From East to West

Although knowledge of coffee drinking came through travellers’ accounts of the coffeehouses of Ottoman Constantinople, Aleppo and Baghdad and Safavid Isfahan from the late 16th century onwards, the first coffeehouses in Europe were those opened in Oxford and London in the early 1650s.

Map of the Coffeehouses, showing 19 coffeehouses in London in the 1700s, drawn by Adam Dant in 2013.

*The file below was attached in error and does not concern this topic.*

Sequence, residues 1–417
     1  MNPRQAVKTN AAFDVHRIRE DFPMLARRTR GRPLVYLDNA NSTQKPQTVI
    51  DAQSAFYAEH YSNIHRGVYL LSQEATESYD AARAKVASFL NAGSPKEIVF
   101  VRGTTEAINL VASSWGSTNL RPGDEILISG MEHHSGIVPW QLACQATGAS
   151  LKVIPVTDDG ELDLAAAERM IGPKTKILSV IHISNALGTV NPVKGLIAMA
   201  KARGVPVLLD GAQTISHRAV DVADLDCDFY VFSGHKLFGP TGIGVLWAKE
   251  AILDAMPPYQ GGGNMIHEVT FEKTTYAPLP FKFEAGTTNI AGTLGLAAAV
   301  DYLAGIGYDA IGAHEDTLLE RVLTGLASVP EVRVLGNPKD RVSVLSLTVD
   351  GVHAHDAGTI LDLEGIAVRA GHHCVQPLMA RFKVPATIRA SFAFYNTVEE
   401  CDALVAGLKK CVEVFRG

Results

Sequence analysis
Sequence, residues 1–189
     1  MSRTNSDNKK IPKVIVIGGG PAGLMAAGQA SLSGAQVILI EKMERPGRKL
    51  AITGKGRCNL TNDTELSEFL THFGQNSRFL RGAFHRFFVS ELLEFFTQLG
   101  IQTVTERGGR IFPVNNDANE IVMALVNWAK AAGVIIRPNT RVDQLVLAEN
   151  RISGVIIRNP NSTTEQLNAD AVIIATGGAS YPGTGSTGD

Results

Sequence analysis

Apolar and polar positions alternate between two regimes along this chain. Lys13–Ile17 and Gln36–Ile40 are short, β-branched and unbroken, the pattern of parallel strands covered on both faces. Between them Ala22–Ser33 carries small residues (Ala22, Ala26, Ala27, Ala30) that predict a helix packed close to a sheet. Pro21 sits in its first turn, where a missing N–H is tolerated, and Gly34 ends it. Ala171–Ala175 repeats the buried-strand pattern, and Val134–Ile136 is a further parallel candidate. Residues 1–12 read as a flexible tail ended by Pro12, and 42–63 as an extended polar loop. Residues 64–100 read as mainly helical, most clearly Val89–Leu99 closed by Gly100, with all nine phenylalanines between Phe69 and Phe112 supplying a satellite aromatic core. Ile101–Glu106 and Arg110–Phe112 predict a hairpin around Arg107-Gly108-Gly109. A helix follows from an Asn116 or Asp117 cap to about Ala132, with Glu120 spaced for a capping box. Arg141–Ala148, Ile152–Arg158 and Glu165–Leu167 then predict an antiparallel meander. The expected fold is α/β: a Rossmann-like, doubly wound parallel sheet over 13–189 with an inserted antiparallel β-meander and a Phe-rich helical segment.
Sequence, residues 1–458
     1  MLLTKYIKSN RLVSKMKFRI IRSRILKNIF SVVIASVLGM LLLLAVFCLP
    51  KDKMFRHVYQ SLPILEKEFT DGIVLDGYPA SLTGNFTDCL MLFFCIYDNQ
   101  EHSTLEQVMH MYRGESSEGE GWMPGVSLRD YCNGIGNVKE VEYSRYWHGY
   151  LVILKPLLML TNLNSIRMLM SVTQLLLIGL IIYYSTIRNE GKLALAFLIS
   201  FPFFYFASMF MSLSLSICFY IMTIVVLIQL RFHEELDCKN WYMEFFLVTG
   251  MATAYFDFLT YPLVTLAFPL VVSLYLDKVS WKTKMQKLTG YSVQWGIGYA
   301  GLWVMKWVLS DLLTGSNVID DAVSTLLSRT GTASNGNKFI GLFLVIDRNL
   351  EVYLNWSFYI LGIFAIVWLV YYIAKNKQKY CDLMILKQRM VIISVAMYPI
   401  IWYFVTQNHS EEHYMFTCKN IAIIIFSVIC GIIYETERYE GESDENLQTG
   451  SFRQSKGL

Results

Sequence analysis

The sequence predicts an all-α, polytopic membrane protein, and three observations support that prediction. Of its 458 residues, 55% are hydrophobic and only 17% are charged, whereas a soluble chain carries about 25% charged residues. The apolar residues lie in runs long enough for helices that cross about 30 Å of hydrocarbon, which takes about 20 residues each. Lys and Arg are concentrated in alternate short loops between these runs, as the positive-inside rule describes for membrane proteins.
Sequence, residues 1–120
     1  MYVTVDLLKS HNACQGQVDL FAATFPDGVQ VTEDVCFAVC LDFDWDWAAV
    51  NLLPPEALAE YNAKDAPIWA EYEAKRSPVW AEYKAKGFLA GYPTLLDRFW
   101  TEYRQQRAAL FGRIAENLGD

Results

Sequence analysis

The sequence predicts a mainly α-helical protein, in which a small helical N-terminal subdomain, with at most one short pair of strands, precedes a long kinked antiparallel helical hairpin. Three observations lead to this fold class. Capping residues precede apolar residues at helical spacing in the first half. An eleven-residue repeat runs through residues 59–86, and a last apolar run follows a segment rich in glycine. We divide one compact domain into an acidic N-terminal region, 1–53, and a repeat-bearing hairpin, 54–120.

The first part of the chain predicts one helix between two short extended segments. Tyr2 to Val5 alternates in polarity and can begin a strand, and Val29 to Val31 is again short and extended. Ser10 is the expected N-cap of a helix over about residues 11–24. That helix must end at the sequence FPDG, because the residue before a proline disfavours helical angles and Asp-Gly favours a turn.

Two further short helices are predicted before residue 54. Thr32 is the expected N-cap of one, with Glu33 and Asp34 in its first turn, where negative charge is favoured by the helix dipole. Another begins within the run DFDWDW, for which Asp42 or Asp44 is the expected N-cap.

Pasqua Rosee’s coffeehouse at St Michael’s Alley, Cornhill in the city of London was opened in about 1652 through the agency of his employer, a merchant of the English Levant Company, Daniel Edwards. Both Edwards, who imported the raw material into London, and Rosee, his servant, had firsthand experience of coffee culture in the Ottoman trading city of Smyrna (modern Izmir) and their coffeehouse sought to commercialise and replicate it in the mercantile centre of London.

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